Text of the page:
ladriver wrote:Thanks for the info Jim.
So we just have to hope that the delay charge not working is just a bug in our car and a software "refresh" will fix it, I guess one day they will roll out OTA updates!
Some of the newest models have started to do OTA map updates...it would be convenient if they could also do firmware updates, but so far, BMW seems to feel that's risky, and best left to be done in the dealership. I guess it could get messy if the car was part way through an update and you went in, wanting to drive it, and found it wouldn't go because the s/w was in the update process. When done at the dealership, you've already consigned yourself to the fact that you won't be able to use the car until it's ready and probably have made other travel plans in the meantime. On the map data updates, there's enough room on the HD to store the current release, and the new one, and they only swap after it's fully installed, and the car is turned off. The next time, it reboots (starts), it then swaps to the newer database version. In the case of the many smart modules in the car...they don't have lots of 'free' memory space to enable an updated backup to be made...they essentially disable the functionality, clear the memory, then reflash it with the new stuff so that module can't do anything in the interim.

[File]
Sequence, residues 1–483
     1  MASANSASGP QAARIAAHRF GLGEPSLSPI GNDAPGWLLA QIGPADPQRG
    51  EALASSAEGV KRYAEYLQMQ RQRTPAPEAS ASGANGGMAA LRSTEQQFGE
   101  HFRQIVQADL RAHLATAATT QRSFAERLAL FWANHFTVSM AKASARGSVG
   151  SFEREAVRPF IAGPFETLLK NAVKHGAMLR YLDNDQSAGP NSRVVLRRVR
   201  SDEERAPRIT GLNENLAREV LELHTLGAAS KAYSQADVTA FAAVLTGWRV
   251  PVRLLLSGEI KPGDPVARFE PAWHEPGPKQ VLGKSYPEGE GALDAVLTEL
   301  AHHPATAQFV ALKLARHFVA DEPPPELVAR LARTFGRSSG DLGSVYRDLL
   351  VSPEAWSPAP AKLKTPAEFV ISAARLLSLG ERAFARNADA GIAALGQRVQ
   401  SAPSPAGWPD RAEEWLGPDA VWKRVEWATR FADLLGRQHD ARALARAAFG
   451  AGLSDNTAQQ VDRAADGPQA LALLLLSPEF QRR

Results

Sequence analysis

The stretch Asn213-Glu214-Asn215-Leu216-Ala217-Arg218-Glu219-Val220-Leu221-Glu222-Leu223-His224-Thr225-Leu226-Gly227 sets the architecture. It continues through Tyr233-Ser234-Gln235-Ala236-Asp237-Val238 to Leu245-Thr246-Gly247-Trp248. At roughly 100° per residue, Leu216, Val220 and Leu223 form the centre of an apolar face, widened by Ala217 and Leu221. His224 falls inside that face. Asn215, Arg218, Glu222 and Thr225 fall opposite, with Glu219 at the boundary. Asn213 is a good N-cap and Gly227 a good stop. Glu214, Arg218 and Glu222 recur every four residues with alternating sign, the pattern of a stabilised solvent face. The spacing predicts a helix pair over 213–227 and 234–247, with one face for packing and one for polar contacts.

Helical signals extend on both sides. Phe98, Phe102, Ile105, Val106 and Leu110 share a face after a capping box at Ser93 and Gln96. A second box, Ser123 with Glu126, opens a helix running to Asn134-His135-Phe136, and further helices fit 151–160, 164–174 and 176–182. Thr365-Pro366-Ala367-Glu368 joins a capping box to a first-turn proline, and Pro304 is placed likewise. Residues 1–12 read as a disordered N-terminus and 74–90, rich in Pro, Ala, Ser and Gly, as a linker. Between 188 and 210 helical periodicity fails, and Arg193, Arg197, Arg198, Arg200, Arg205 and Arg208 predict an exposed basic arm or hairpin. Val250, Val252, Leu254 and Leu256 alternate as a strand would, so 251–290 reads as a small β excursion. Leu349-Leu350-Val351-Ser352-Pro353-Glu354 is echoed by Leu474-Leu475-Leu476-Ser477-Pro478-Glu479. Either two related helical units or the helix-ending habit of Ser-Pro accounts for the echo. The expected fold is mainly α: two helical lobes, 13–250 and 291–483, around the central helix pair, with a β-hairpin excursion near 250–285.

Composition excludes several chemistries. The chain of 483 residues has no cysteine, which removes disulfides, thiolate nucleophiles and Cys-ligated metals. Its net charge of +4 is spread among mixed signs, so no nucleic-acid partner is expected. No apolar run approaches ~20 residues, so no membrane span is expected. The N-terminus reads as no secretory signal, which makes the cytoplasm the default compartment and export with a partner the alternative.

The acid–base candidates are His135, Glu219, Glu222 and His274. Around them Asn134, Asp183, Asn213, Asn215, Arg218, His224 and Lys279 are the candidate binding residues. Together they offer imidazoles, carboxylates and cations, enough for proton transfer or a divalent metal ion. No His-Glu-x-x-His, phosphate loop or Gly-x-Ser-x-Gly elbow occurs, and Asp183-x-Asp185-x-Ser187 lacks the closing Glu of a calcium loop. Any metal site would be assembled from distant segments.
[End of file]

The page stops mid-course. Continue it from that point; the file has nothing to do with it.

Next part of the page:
I don't know what architecture Tesla utilizes...there may be one program to control semi-dumb modules, and essentially only one program to update, so with enough memory, they could do a swap and deal with the OTA updates, but the BMW architecture is distributed, and that is less open to that sort of update process. A hacked OTA map database update isn't catastrophic, but a hacked rewrite of the car's critical systems software has a lot of potential issues. While the security can be decent, it is never foolproof...again, a hardwired connection is a lot harder to hack when the i3 is talking directly to corporate.